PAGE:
This approach could also be used by regulators after the fact. Using program data of how many people received a service, the average impact the service has on a person’s wellbeing and the costs to deliver the program. Then at least they would be making an informed judgement call in regards to ‘value for money’.


The second reason I wanted to talk about this scenario is the ripple effect that now faces all the other NGO’s that are NOT involved in the bushfire recovery efforts – “Donor Fatigue”.

I myself am guilty of suffering from this syndrome. My family has three organisations that we donate to on a regular “subscription” throughout the year. We also have a number of charities that we make regular “one-off” donations to. This month when the Police Citizens Youth Club rang me seeking a donation, I actually said “No”, and the reason I gave was that I had donated to the bushfire appeal, as well as supported the farmers in my local area suffering from the drought.

Sadly, for the kids accessing PCYC programs, I’m sure this was not the first time the person on the other end of the phone had heard this “excuse” for saying no to their request for donations.

Why do I tell you this? Because it is a micro example of why trying to raise funds to keep a not-for-profit afloat, just got a lot harder. Competition in the sector, post bushfire disaster, has cranked up more than a few notches. So, what can you do about it?

To give you the best opportunity in the ring, you need to be able to demonstrate that your programs are effective and provide good value for money when compared to other programs. That’s where calculating the positive net social value generated by your program can make your case tangible, in a way that makes sense to potential donors.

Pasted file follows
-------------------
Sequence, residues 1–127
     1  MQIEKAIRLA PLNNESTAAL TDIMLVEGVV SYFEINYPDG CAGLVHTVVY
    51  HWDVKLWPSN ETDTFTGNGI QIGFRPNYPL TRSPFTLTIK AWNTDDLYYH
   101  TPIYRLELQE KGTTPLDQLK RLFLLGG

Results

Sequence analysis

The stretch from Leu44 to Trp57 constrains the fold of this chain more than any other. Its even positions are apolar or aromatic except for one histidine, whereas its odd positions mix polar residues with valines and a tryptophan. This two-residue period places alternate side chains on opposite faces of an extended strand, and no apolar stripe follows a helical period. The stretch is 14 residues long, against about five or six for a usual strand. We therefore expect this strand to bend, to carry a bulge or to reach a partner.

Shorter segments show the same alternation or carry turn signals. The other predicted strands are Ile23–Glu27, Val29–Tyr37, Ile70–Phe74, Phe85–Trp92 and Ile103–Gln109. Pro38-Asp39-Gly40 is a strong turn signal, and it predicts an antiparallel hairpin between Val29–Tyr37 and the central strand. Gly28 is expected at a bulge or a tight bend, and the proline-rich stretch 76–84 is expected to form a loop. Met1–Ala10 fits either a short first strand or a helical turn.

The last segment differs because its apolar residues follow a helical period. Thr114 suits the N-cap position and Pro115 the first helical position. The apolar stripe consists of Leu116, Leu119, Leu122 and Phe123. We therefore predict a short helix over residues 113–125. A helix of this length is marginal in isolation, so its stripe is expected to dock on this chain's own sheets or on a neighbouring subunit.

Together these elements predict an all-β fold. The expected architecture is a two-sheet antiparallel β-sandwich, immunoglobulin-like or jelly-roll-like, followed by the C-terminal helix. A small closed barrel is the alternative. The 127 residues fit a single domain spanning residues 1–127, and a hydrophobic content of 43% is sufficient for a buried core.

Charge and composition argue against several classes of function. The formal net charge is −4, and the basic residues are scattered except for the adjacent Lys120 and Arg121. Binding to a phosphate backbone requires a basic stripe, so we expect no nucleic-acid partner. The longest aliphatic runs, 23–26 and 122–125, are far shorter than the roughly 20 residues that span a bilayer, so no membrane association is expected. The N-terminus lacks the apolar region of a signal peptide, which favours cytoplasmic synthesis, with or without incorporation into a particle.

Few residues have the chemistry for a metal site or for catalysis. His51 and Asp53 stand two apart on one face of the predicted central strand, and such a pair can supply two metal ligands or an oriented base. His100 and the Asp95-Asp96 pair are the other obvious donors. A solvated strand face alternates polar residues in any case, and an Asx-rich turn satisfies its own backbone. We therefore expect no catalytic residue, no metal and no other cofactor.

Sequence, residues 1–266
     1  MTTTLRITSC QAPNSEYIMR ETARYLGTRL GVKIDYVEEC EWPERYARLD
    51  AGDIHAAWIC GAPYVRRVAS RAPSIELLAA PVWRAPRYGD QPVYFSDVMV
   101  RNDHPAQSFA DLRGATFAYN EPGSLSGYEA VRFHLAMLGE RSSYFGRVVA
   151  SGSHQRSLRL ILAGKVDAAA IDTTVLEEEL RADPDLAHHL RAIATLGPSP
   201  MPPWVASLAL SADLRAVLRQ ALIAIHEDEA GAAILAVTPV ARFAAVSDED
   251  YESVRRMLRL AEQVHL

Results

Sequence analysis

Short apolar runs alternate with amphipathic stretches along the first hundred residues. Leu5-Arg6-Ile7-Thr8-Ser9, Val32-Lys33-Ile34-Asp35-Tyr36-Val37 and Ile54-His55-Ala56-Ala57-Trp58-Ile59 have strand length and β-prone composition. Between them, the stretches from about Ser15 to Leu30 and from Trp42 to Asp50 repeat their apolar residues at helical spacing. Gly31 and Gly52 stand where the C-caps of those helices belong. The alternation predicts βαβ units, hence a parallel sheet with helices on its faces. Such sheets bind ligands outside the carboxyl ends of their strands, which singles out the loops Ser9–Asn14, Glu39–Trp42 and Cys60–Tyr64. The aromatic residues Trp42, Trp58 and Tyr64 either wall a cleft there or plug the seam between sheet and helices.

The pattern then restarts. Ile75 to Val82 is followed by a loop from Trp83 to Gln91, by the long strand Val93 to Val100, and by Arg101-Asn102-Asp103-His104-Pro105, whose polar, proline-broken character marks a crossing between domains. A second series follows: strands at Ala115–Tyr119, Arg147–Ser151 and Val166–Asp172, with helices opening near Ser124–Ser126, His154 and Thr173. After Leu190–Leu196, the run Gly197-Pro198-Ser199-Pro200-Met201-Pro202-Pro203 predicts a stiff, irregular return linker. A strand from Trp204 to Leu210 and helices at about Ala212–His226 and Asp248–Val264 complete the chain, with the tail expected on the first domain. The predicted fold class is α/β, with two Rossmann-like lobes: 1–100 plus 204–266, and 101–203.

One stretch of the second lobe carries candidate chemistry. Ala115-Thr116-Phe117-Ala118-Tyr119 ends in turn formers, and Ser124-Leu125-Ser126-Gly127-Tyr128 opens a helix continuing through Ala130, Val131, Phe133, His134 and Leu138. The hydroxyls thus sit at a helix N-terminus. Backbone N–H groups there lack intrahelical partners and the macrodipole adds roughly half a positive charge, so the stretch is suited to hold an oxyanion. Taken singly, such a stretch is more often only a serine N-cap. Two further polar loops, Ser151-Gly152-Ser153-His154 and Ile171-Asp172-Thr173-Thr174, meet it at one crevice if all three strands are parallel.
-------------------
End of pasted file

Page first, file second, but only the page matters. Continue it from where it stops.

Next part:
It’s never been more important to be able to make your case clear, in dollar terms, than now.


Despite the regulators warnings of increased scrutiny on how the millions of dollars of bushfire donations are being used, I personally have nothing but praise for the tireless efforts of the many agencies and people providing frontline support at the “pointy-end” of this disaster.

Whilst it is a sad fact that there may be a small number of immoral people trying to take advantage of other’s misfortune, who of course should be made an example of, I do hope that the decisions made under pressure by good people trying to get support on the ground quickly, do not receive undue criticism when considered with the luxury of time and hindsight. Let’s make sure that any assessment of how donations have been spent is done in a fair and transparent way.


Our hearts go out to the many thousands of people across the country who are doing it tough right now: those who have lost everything, including family members, those who have seen unforgettable scenes, those trying to find the strength to move on, and those who are now struggling to keep the doors of their businesses open. Remember you’re Australian and we’re a resilient people, and we don’t forget our “mates”. Lean on the generosity of strangers and let’s rebuild together.